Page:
IT seems that the theme of reconciliation within Afghanistan has by and large dominated the many discussions held on that country in New York over the last fortnight.
President Hamid Karzai did reiterate the charge made first by his foreign minister in the UN Security Council, perhaps with his domestic audience in mind, that the bombing of Afghan villages by Pakistan risked undermining the efforts of the two governments to work together.
The greater emphasis, however, appeared to be on the critical role Pakistan had to play in bringing peace to Afghanistan. He added as was to be expected that this was critical for “Pakistan’s own security, and of the security of the wider region and beyond”. He also called upon the UN Security Council to aid efforts at reconciliation and urged the sanctions committee to take more active measures towards delisting Taliban leaders to facilitate direct negotiations.
Some ‘understandings’ reached at the trilateral meeting of American, Afghan and Pakistani officials were also discussed and their implementation was also agreed upon when Presidents Hamid Karzai and Asif Ali Zardari met separately and then in a trilateral summit with British Prime Minister David Cameron.
From the relatively sparse reporting, it seems that the Afghans made it clear that they were looking for ways to bring the Taliban into the mainstream, that they were looking for Pakistan’s assistance in bringing the Taliban to the negotiating table with Karzai, rather than insisting, as they have been doing so far, that they will talk only to the Americans. Implicit it seems is the ‘understanding’ now that Pakistan will have a seat at the table when these negotiations do start and that in the meanwhile both sides will work at eliminating or at least reducing the trust deficit that has bedevilled relations between the two countries.
One important step in this direction may be the announcement that the two sides have agreed on signing a strategic partnership agreement. No further details have been made available at this time but it would seem that Pakistan must have insisted that Afghanistan sign such an agreement given that it has concluded such agreements with a host of countries including, most importantly from Pakistan’s perspective, India.
What this agreement will contain may well determine the extent to which trust is created and the extent to which Pakistan is able to extend assistance in the reconciliation process which may well require it to engage in ‘tough talk’ with the Taliban on its soil and risk the ire of some of the Taliban supporters in the Pakistani body politic.
Perhaps the most significant meeting in terms of moving reconciliation forward was the one that President Zardari and his aides had with a US team led by Marc Grossman, the point man for Afghanistan and Pakistan in the Obama administration.
According to a report in the Washington Post based on briefings from American participants in the “nearly five-hour meeting” the focus was on planning a joint US-Pakistan effort “to draw the Taliban towards peace talks in Afghanistan, an initiative that could help reconcile some militants and give Pakistan a say in the political future of its larger [sic] neighbour”.
The report goes on to suggest that, while not yet agreed upon, there would be a sort of joint vetting process to determine who the ‘reconcilables’ are among the Taliban using Pakistan’s extensive intelligence on this subject and also working out modalities for providing ‘safe passage’ for such Taliban to participate in peace talks.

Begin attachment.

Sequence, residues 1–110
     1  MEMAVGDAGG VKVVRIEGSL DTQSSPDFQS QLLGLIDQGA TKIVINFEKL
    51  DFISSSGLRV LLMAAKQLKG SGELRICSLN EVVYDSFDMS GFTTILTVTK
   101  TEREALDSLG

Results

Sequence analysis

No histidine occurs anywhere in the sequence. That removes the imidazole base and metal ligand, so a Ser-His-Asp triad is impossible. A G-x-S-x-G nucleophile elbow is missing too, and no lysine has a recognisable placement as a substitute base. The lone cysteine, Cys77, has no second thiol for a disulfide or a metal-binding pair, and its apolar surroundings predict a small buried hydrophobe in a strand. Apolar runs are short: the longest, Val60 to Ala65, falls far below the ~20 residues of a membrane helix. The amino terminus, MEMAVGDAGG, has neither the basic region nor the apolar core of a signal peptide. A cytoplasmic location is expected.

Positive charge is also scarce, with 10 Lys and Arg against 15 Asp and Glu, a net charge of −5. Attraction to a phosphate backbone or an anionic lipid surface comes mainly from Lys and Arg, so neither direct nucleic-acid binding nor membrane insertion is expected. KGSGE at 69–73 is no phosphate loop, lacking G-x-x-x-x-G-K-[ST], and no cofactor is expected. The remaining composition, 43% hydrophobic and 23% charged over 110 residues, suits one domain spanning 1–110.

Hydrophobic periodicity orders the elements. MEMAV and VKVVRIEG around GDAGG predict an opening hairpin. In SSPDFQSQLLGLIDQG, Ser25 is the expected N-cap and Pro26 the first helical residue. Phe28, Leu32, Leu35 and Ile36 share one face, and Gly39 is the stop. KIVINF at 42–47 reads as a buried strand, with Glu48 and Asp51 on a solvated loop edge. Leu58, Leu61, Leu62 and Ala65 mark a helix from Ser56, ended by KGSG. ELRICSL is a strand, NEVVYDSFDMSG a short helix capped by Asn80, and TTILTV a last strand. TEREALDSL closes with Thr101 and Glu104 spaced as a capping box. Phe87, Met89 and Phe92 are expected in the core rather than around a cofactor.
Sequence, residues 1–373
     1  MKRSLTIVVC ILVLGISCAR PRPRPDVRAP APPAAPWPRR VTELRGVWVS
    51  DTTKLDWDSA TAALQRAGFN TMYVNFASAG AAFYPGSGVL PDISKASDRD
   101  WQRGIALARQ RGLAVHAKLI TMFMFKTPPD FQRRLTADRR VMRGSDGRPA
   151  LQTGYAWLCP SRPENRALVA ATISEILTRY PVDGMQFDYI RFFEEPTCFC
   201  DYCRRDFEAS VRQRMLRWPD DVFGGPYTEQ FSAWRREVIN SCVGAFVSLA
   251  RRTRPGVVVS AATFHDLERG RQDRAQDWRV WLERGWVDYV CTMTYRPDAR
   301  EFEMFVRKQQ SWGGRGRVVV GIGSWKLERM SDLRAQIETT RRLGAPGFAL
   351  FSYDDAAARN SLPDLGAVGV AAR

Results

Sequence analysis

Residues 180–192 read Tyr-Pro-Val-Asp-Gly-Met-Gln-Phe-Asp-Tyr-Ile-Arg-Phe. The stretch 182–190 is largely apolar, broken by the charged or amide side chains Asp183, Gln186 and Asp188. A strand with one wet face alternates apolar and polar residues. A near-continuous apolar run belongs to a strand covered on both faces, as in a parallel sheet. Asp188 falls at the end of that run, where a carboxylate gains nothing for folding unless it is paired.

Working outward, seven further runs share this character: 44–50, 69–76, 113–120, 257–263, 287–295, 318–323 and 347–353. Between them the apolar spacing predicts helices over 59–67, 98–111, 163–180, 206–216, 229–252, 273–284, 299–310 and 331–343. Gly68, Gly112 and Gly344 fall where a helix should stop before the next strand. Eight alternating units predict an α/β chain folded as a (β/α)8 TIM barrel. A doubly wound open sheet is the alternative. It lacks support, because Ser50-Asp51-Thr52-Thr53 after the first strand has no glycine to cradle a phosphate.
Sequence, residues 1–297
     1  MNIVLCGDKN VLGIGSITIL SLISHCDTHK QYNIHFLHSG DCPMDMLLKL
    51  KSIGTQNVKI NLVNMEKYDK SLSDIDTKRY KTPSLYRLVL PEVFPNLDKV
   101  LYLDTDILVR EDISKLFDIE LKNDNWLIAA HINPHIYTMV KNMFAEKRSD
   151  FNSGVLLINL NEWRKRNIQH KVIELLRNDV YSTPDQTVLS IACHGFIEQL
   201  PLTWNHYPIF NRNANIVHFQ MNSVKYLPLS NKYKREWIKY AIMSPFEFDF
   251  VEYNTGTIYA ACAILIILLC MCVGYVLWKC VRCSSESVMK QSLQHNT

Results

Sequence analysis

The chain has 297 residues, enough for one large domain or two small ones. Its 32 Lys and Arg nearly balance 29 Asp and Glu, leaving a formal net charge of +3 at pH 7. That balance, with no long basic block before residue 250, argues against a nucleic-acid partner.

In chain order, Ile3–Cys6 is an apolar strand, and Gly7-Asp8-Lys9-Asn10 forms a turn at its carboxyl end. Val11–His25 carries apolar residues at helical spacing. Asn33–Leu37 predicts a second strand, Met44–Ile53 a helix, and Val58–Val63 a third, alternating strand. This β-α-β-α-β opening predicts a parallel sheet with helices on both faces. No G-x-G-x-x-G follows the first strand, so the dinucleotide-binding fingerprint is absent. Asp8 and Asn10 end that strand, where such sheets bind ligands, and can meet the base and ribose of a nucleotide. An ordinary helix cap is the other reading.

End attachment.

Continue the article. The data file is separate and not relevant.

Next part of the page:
This report concludes that “Any deal is likely to take years, far outlasting the current plans to end formal combat against the Taliban in 2014”.
So far of course the American idea has not been to end formal combat against the Taliban in 2014 but only that such combat will be conducted by the Afghan National Security Forces and the American or Nato forces will only be in a supportive role as training advisers and providers of intelligence and air support.
One assumes that this phrasing was sloppy reporting but it could perhaps also mean that those talking to the reporter entertained the forlorn hope that some sort of ceasefire would be in place by the time the major part of the American and Nato forces had withdrawn.
By and large despite the many hurdles that remain these agreements or understandings represent a step forward and offer some hope that reconciliation will move forward.
Certainly there have been indications from some prominent Taliban that they cannot expect to prevail on the battlefield and are prepared to move towards some form of reconciliation to spare the country further destruction. If the reading of these meetings is correct, Pakistan’s negotiators appear also to have won the long-desired right to have a seat at the negotiating table.
What Pakistan will do with this right is not clear. Perhaps it will seek a guarantee that the new regime that emerges in Afghanistan will not seek to play India off against Pakistan. Perhaps such a guarantee will even be forthcoming but one can be sure that this will not be durable. Perhaps it will also seek an Afghan acknowledgment that the Durand Line is the international border between the two countries. This too appears problematic. For any Afghan Pakhtun, Talib or moderate, this would be hard if not impossible to concede.
What is perhaps more important is that once the seat at the table is conceded there will be legitimate expectations that Pakistan will genuinely exert itself to participate in the vetting ‘process’ and will deliver the reconcilables to the negotiating table. There is no doubt that this in itself will be a significant gain for Pakistan because it is Pakistan more than any other country that will suffer if reconciliation does not come and Afghanistan descends, as it is bound to do, into civil war.
The writer is a former foreign secretary.